Pharmaceutical drug contamination in our groundwater, rivers, estuaries, lakes, and bays is an emerging issue throughout New York, Connecticut, and the nation. Pharmaceuticals enter wastewater from a variety of sources, including the flushing of unused medications. Flushing unwanted or unused medications is a common disposal practice, despite the fact that sewage treatment plants, septic systems, and drinking water infrastructure were never designed to remove these contaminants. While flushing is no longer recommended, it remains a common disposal practice by many residents and in many hospitals and long-term care facilities. There are currently no local, state, or federal policies that prevent improper disposal of pharmaceutical drugs.
Presence of Pharmaceuticals in Our Waters
National studies have found trace amounts of pharmaceutical drugs in drinking water supplies of 41 million Americans. A study conducted by the USGS found low levels of drugs such as antibiotics, hormones, contraceptives and steroids in 80% of the rivers and streams tested. Throughout New York State and Connecticut, water sources have tested positive for trace amounts of heart medicines, antibiotics, estrogen, mood stabilizers, tranquilizers, and more., Studies conducted in New York have identified the presence of pharmaceuticals in the drinking water resources of areas including Westchester County and New York City, Long Island, the Great Lakes, and more.
Most known sources of pharmaceuticals in the environment first pass through wastewater treatment; from human waste, pharmaceutical manufacturers, and direct flushing of unused drugs by residents and healthcare facilities.. However, wastewater treatment plants are not equipped to remove pharmaceutical contaminants, which is particularly problematic when treating waste from pharmaceutical manufacturing facilities.. A 2010 USGS study found that, in New York State, wastewater treatment plants that accept waste from pharmaceutical manufacturing facilities contained pharmaceuticals in their effluent at levels 10 to 1000 times higher than those typically found in treated wastewater effluents.
The extent of this problem is still largely unknown, as there are no state or federal regulations on what levels are acceptable in drinking water. Many water suppliers do not even test their water for pharmaceuticals.
Health and Environmental Effects of Pharmaceutical Waste
The effects of constant, low-level exposure of various pharmaceuticals on humans are uncertain, and more research is needed. Possible health concerns include hormone disruption, antibiotic resistance, and synergistic effects.
While the health effects on humans have not yet been proven, pharmaceutical drug contamination has been proven to adversely impact fish and aquatic life. The NYS DEC has indicated that, a number of studies have shown impacts on aquatic life. For example, male fish have been feminized (produced eggs) when exposed to hormones (birth control pills). Other drugs, such as anti-depressants and beta-blockers, reduce fertility or affect spawning in certain aquatic organisms.
Research also indicates that frogs, newts and other amphibians are also at an extraordinarily high risk of exposure, due to their permeable skin. This makes it very easy for amphibians to absorb toxins from their environment, leaving them susceptible to adverse impacts from trace amounts of pharmaceutical drugs.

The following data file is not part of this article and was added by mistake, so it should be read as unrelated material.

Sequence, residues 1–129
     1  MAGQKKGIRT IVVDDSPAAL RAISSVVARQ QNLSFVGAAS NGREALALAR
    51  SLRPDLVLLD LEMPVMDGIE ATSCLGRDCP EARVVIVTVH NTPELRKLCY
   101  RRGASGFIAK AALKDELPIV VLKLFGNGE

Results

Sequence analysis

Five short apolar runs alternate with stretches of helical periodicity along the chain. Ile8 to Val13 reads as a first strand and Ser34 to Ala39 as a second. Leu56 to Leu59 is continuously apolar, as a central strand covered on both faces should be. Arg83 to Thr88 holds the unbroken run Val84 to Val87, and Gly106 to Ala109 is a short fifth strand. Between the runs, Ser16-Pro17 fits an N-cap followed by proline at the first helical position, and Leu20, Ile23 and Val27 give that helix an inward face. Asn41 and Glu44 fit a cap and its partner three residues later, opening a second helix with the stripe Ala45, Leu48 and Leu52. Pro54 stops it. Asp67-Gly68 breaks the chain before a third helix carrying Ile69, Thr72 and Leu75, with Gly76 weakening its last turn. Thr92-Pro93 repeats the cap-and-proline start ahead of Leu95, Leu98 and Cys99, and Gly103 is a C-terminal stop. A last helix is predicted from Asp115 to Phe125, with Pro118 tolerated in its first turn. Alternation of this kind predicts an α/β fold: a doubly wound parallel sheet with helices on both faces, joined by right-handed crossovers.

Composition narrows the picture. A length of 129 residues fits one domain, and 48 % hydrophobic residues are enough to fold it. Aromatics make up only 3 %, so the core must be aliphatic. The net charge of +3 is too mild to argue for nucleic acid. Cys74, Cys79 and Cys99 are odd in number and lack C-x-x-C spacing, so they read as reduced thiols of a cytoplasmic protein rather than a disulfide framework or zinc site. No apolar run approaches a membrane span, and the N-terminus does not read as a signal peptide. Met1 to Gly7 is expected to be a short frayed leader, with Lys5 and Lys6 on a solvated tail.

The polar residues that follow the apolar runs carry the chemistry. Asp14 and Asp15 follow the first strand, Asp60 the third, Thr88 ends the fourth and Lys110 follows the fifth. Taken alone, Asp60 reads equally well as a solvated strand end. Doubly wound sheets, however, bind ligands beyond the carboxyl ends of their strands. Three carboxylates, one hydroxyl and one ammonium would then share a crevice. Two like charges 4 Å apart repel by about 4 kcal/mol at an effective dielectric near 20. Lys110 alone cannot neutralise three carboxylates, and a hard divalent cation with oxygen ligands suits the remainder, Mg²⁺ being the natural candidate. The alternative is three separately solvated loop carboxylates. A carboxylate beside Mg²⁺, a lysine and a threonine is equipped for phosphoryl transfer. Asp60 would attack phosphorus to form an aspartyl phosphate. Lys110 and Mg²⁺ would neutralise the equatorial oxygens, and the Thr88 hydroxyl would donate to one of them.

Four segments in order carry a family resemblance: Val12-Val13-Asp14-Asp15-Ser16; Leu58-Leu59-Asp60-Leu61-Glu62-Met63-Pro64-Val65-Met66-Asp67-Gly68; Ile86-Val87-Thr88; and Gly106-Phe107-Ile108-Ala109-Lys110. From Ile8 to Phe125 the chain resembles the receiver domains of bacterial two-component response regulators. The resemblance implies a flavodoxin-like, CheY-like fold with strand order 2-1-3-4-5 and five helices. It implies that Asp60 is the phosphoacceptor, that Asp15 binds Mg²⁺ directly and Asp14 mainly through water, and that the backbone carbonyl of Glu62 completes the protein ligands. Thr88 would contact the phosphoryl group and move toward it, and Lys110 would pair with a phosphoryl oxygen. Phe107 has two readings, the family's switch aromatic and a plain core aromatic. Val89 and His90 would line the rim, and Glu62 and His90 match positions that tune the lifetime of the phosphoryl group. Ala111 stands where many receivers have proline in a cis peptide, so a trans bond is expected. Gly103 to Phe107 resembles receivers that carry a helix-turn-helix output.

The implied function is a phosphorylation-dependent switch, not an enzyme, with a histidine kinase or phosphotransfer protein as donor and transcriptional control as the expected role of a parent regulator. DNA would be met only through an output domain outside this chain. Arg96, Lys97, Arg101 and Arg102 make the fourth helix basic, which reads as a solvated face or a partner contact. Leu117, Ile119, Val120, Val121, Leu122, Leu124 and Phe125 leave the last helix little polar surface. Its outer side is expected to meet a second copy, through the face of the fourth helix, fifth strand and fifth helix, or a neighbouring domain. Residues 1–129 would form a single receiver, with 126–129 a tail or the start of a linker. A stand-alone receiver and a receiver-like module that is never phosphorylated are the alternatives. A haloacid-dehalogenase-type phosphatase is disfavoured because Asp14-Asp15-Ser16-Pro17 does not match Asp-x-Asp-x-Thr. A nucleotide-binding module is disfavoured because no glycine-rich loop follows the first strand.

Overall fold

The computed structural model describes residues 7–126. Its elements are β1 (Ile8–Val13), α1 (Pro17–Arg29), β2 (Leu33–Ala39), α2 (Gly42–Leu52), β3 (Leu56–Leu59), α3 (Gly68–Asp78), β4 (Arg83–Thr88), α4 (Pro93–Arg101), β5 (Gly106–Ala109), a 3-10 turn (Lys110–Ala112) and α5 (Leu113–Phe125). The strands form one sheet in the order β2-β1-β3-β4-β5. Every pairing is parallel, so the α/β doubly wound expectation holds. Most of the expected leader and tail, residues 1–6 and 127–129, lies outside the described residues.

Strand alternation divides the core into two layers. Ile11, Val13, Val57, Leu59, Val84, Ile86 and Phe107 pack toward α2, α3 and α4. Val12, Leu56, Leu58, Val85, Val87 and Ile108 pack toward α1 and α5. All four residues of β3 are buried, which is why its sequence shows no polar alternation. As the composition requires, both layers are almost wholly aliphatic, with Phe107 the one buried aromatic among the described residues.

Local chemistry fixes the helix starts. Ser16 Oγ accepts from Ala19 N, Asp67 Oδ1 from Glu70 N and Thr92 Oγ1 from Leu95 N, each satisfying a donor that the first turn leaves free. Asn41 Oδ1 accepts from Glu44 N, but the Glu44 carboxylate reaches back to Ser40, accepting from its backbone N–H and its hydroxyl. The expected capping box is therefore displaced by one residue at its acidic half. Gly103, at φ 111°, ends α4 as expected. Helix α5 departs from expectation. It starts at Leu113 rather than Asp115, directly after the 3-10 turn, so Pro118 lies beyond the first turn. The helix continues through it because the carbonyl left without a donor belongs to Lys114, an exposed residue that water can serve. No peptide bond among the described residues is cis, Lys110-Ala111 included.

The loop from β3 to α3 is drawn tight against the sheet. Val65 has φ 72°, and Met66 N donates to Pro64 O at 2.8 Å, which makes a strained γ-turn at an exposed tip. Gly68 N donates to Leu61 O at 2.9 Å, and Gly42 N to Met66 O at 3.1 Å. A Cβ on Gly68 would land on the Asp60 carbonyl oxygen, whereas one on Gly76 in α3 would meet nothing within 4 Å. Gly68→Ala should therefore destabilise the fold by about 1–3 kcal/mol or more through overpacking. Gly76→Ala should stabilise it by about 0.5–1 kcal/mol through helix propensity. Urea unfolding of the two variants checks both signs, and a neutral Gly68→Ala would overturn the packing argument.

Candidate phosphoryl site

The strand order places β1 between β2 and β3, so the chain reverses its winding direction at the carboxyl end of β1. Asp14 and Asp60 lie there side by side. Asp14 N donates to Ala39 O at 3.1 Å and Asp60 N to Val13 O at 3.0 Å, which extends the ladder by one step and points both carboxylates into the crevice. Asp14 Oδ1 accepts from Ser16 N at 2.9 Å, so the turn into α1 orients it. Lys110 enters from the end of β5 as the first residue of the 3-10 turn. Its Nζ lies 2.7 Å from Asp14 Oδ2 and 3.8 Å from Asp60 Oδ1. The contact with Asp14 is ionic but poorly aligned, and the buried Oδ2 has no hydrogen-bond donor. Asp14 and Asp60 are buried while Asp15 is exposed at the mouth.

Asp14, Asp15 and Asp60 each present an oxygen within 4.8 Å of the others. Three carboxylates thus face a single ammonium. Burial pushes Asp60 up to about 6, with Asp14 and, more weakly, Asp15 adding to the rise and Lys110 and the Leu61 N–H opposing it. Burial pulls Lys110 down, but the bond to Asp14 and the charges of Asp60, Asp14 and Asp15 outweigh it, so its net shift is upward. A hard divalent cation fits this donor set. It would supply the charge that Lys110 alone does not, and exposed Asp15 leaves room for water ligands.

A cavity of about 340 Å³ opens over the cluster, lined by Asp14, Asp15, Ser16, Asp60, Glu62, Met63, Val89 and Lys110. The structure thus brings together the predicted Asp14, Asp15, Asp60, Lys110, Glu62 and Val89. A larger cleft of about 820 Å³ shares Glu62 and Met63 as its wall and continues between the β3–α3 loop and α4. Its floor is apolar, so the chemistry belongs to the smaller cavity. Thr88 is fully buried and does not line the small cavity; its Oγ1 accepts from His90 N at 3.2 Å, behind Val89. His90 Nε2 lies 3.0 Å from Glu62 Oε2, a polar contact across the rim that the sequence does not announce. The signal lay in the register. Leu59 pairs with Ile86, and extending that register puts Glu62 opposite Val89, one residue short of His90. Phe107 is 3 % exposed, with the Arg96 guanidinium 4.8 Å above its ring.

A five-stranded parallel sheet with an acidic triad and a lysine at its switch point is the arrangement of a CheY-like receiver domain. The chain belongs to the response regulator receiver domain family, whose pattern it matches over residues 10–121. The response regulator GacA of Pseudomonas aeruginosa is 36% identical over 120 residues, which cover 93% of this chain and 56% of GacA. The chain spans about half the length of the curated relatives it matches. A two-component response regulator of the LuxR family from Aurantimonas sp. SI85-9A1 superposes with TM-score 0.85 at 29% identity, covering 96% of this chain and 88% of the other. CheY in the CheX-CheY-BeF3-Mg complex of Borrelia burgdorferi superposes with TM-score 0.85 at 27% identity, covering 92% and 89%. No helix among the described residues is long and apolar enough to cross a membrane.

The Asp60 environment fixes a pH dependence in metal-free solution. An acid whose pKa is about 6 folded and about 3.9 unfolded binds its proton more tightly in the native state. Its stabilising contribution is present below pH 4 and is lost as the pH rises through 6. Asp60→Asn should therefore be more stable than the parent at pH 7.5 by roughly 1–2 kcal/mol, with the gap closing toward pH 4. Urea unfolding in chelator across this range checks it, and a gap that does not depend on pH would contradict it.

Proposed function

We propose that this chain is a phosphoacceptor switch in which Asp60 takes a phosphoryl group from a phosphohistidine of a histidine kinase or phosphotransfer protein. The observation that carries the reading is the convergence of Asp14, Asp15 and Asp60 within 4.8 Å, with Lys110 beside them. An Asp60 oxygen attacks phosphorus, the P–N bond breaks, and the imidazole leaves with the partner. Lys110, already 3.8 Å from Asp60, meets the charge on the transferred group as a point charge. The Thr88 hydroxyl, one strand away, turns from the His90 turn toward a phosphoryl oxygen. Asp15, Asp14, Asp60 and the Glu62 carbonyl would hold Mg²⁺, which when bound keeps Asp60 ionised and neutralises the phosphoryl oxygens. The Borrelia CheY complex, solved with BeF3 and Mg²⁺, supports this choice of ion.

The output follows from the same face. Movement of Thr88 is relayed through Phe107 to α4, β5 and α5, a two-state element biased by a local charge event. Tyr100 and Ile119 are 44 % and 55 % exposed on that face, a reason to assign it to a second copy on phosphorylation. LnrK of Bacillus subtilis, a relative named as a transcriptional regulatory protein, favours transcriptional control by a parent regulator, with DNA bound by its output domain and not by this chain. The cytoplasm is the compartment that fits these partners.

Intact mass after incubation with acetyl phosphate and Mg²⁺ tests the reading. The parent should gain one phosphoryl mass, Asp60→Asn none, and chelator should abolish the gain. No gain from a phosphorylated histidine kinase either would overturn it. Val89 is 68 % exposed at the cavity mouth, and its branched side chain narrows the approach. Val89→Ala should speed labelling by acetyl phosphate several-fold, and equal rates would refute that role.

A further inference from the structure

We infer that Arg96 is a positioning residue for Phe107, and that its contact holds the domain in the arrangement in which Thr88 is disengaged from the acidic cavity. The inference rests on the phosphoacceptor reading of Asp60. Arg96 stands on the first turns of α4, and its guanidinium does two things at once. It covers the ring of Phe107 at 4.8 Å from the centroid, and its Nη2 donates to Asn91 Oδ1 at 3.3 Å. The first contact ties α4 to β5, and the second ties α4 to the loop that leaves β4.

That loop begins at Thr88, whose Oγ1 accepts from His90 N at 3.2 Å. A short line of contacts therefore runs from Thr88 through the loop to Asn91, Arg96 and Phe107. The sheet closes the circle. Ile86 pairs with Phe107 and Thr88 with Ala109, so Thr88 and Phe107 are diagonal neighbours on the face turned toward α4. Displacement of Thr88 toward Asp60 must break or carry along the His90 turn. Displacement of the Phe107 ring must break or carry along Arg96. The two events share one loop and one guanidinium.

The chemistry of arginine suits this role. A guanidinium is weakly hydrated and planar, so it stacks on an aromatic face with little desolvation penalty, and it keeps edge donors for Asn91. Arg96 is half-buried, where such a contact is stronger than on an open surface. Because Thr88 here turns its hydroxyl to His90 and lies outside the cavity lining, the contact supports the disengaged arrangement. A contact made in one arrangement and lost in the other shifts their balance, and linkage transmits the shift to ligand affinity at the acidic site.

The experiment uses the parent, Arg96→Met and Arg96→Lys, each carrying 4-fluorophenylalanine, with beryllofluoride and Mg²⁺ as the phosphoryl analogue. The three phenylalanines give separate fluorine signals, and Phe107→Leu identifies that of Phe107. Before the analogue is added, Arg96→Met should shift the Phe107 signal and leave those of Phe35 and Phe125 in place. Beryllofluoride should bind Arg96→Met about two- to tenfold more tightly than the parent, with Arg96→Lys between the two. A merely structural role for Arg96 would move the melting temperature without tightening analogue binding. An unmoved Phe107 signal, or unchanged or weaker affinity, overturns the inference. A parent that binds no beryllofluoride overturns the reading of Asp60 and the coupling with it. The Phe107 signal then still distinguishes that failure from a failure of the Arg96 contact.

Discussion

Promoting Safe Pharmaceutical Disposal
It is clear that pharmaceuticals are unnecessarily entering into our water supplies, lakes, rivers, estuaries, and bays. Flushing unused drugs is a highly prevalent and preventable source of pharmaceutical pollution. Therefore, a critical part of the solution is to STOP flushing drugs. Providing the public and healthcare facilities with access to safe and convenient pharmaceutical disposal options is critical to preventing pharmaceutical pollution. Pharmaceutical take-back events and permanent drop-off locations exist across New York and Connecticut. Members of the public can safely and anonymously dispose of unused or expired medications. In addition, the DEA holds biannual take-back events for the public and healthcare facilities. The NYS DEC holds bi-annual take back events for healthcare facilities in the NYC watershed and Monroe County, NY. While all of these programs are an important step in the right direction, New York and Connecticut must significantly expand safe disposal options for both the public and healthcare facilities to adequately address the growing problem of pharmaceutical pollution.
Federal Legislation and Rulemaking
The Secure and Responsible Drug Disposal Act of 2010 was passed into law to encourage voluntary drug take-back programs. The Drug Enforcement Administration (DEA) has proposed a rule to implement the law and provide additional voluntary options for safe pharmaceutical disposal, including permanent drop boxes at retail pharmacies. CCE supports finalizing and implementing the proposed rule as soon as possible.
Suffolk County Legislation
After a 2006 USGS study found pharmaceutical contaminants in Suffolk County groundwater, the county became a state-wide leader in addressing the problem. In 2011, the Suffolk County Legislature unanimously passed a local law requiring all hospitals, nursing homes, hospice facilities, and long-term care facilities in Suffolk County, NY to annually submit a plan for the safe disposal of unused and/or expired medications. CCE compiled data from the first set of these reports and found that more than half of the facilities were flushing unused mediations CCE has released a report on these findings, and is working with institutions to promote safe pharmaceutical disposal practices.
Updated by amcclelland 6/12/14